Cowell (No.2) family genealogy

Of Scotland

IN the "Cowell" (No. 1) pedigree we see that Fearach, a brother of Muirceartach (or Mortogh) Mór MacEarca, the 131st Monarch of Ireland, was the ancestor of MacCathmhaoill. Amongst Fearach's other brothers was Fergus Mór MacEarca, as we see in the following extract:

"In A.D. 498, Fergus Mór MacEarca (a brother of Muirceartach Mór MacEarca above mentioned), in the twentieth year of the reign of his father, Muredach, son of (Eugenius, or) Owen, son of Niall of the Nine Hostages . . . with a complete Army, went into Scotland to assist his grandfather Loarn, who was King of Dalriada, and who was much oppressed by his enemies the Picts, who were in several battles and engagements vanquished and overcome by Fergus and his party. Whereupon, on the king's death, which happened about the same time, the said Fergus was unanimously elected and chosen king, as being of the Blood Royal, by his mother; and the said Fergus was the first absolute king of Scotland, of the Milesian Race: so the succession continued in his blood and lineage ever since to this day.—Four Masters.

As the MacCathmhaioll family here mentioned is descended from Fearach, a brother of the said Fergus Mór MacEarca, it is, no doubt, the Cowel (or Campbel) family mentioned in Jacob's Peerage;[1] for, according to said Peerage, we find that by letters-patent, bearing date at Kensington, the 23rd June, 1701, Archibald, the 10th Earl of Argyle, was created "Duke of Argyle," and amongst other titles, that of "Earl of Cambel and Cowel." And (see No. 99 on the "Kiernan" pedigree) there was another MacCathmhaoill family located in Tirowen, Ireland.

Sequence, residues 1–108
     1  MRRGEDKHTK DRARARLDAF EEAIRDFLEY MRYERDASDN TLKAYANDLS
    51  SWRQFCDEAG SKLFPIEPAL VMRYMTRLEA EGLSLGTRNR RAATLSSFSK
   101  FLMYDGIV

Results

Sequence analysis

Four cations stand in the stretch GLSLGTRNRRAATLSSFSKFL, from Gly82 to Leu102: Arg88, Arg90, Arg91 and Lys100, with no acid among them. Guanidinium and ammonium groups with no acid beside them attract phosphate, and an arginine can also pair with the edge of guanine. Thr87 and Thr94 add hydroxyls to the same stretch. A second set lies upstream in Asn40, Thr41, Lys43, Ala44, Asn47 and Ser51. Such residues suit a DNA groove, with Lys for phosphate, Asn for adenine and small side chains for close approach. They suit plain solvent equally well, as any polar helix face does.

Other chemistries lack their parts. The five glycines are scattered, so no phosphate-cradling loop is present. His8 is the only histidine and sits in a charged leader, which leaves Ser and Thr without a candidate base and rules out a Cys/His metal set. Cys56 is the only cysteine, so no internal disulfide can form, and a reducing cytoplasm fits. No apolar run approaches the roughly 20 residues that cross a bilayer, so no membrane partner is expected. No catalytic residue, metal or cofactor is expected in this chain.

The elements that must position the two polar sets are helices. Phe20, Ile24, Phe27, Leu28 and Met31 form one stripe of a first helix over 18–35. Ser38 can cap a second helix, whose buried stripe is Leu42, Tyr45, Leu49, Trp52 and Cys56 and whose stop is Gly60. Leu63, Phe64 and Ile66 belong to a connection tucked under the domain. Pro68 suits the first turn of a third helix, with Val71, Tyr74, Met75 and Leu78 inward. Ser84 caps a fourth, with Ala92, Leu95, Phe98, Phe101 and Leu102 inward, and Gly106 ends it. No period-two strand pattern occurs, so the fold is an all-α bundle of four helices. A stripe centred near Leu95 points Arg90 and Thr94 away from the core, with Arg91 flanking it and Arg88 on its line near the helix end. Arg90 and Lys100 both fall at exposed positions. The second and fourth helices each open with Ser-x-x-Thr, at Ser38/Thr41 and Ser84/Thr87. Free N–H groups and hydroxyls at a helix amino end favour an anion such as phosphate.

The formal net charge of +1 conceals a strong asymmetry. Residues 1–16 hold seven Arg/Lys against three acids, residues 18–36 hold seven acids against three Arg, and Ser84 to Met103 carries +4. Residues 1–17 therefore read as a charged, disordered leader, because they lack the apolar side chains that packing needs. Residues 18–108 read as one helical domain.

In connexion with the Scotch "Cowell" family, it is a strange fact that the 74th Regiment, called when originally raised the "Argyll Highlanders," wear a dark tartan, relieved by streaks of white, known as the "Lamond." As Fearach was the ancestor of the family, and that the Lamonds were called the Clan ic Earachar, who were afterwards known as the "Maclamans of Lamonds," it is easy to understand that the Lamonds were the most ancient proprietors of Cowell. As the traveller passes through the Kyles of Bute he can look up Loch Striven at the rounded tops of the "Cowall" mountains; and, on his right, will see, at the entrance of the Loch, Port Lomond. It is therefore not wonderful, that a Regiment, called at its first raising the "Argyll Highlanders," should wear the colours of a Clan dwelling of old in Airer Gaedhil,[2] anglicised Argyll and Argyle.


[1] Peerage: "A complete English Peerage, containing a Genealogical, Biographical, and Historical Account of the Peers of this Realm; together with the different branches of each family; including a particular relation of the most remarkable transactions of those who have eminently distinguished themselves in the Service of their Country, both in the Field and in the Cabinet, from the Conquest down to the present time. To which is prefixed a succinct history of the Houses of Brunswic, Brandenburgh, Saxe-Gotha, and Mecklenburgh. By the Rev. Alexander Jacob, Chaplain in Ordinary to His Majesty, and Chaplain to His Grace the Duke of Chandos. London: 1767."

[2] Airer Gaedhil: According to Dr. Joyce, the most important colony from Ireland which settled in Scotland was that which in the fifth century was led by Fergus Mór MacEarca and his brothers, as above mentioned; and which was known by the name of Airer Gaedhil, meaning the territory of the Gael or Irish.